Informing relatives of death no easy task for authorities

EDITOR'S NOTE: This is the final installment in a three-part series on suicide. Norwalk Police Officer Dave Ditz remembers having to tell a woman her son died in a traffic crash. It was obvious that he couldn't simply share the news and then leave her alone.
Norwalk Reflector Staff
Jul 25, 2010

 

EDITOR'S NOTE: This is the final installment in a three-part series on suicide.

Norwalk Police Officer Dave Ditz remembers having to tell a woman her son died in a traffic crash. It was obvious that he couldn't simply share the news and then leave her alone.

"I was with her for an hour, an hour and a half, waiting for (her) informal support structure to arrive," Ditz said. "I don't think anybody needs to be left alone with that."

About three or four times a year, the officer notifies residents about a loved one's death or suicide.

"It's gonna sound cold, but you have to use the word 'dead,'" Ditz explained about referring to the deceased. The reason, he said, is because using "better place" or "gone" leads to speculation that the situation was better than it actually was.

Although telling a person that someone is "dead" sounds blunt, the officer uses "very soft" tones. People sometimes respond by being hysterical or totally devastated, in which Ditz said they "basically shut down."

"You get the whole spectrum of emotions. You never know what it's going to be," he said.

After notifying someone about a death, officers then offer to contact another relative, friend or clergy. "You get someone there they can trust," Ditz added.

"It's always a bad thing when a police officer comes to the door," he said. "It just adds lot of stress."

Equally challenging in telling someone about a death is knowing when or how to leave afterwards.

Ditz attempts to "read the person to see how they are going to take it." That reaction means the officer might need to stay around for a while or "scoot out" quietly.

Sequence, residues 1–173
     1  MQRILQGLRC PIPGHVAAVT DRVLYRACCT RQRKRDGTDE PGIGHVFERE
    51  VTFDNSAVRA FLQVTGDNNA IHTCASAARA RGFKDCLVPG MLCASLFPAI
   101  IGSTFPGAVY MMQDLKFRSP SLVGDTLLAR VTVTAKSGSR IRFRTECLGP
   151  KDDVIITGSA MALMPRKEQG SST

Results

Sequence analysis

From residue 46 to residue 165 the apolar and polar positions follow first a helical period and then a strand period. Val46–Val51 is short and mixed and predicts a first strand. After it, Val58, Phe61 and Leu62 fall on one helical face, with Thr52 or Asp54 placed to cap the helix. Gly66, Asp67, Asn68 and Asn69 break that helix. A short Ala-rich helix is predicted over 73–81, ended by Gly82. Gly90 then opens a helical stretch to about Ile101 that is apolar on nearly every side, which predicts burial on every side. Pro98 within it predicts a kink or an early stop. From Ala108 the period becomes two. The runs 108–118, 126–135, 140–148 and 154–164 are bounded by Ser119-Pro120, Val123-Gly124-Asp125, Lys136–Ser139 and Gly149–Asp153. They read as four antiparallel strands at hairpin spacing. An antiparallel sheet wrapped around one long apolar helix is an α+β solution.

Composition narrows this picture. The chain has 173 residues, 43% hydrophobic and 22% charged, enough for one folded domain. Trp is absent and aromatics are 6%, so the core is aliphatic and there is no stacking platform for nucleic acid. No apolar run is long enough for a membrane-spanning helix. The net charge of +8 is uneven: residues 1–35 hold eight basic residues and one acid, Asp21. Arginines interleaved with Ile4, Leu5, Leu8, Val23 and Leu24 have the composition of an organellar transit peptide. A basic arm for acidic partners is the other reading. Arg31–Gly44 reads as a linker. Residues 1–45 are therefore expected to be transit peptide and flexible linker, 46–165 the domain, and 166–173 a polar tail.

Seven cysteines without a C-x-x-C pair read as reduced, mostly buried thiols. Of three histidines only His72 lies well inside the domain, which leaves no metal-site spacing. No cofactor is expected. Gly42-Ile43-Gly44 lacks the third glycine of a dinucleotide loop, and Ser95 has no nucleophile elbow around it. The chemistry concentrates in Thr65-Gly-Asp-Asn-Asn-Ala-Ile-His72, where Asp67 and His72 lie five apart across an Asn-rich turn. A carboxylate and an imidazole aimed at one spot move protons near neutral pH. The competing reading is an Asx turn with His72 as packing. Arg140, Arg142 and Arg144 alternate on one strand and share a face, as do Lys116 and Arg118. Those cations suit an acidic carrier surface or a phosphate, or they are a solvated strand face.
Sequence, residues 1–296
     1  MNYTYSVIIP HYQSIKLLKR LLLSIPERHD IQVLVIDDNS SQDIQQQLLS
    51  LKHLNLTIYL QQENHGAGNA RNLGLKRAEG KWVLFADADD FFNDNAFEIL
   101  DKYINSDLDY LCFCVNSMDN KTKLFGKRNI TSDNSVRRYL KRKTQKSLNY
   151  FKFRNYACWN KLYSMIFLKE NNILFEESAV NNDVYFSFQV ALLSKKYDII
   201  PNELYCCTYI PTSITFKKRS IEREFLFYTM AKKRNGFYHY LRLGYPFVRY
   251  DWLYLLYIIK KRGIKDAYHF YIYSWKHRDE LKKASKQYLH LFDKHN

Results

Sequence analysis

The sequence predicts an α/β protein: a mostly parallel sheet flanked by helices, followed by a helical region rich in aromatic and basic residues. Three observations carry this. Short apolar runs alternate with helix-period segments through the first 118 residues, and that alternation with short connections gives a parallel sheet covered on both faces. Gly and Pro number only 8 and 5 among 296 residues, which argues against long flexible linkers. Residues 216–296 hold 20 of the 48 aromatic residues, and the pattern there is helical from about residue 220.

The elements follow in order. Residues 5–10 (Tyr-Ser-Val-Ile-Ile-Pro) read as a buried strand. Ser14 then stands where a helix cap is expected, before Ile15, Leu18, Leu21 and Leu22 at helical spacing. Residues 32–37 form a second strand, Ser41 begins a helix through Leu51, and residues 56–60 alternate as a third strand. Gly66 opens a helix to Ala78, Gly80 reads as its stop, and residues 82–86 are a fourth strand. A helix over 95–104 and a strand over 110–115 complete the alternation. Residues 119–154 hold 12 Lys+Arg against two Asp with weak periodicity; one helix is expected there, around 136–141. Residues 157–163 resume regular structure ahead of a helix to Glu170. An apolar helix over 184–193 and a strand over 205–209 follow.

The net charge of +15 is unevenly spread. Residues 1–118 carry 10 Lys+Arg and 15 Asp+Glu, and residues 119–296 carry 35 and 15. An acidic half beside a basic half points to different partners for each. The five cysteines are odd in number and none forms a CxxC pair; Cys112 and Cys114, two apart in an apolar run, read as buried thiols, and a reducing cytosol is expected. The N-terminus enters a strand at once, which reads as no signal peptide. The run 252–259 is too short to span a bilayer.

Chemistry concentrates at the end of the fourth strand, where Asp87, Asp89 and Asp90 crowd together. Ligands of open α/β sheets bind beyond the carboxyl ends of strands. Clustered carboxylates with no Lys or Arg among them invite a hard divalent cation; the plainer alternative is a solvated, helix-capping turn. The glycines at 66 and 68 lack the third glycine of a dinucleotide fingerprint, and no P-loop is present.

Huron County Sheriff's Detective Sgt. Dane Howard, like all officers when dealing with suicides, refers the victim's relatives to a mental health professional or clergy.

"Before we leave, we give them resources for things available to them," he said.

The detective pointed out there are many times a relative unfortunately discovers a loved one's body after a suicide.

Major Greg Englund, in his 26 years with the sheriff's office, has done death notifications about five or six times. He said there are times when the coroner's office, a doctor or hospital will notify relatives about deaths.

"We'll (also) do it when there is a criminal investigation," Englund added. "It's bad when you have to do a death notification. ... It's very tough on an officer when they have to do that."

Ditz has heard relatives express "a tremendous amount of guilt" because they didn't know the person was having problems. He believes that can lead to speculation that they should have been more aware of the warning signs or symptoms.

"A lot of time the family feels guilty because they don't think they did enough," Ditz said. "It eats them up tremendously."

Chief Kevin Cashen said his officers are supposed to do limiting counseling with relatives, especially those who are hysterical, after a suicide.

"We work at calming people down, to conduct what we call a 'soft interview,'" he explained. "We use a soft voice ... and we try to explain why we are asking the questions we are asking."

Mental health professionals can set up emergency appointments for families dealing with a relative's death or suicide.

Cashen believes first responders have an advantage over grieving relatives because they have developed a "professional response mode" that helps them not personalize the situation.

"Typically, family members don't have that luxury," he said.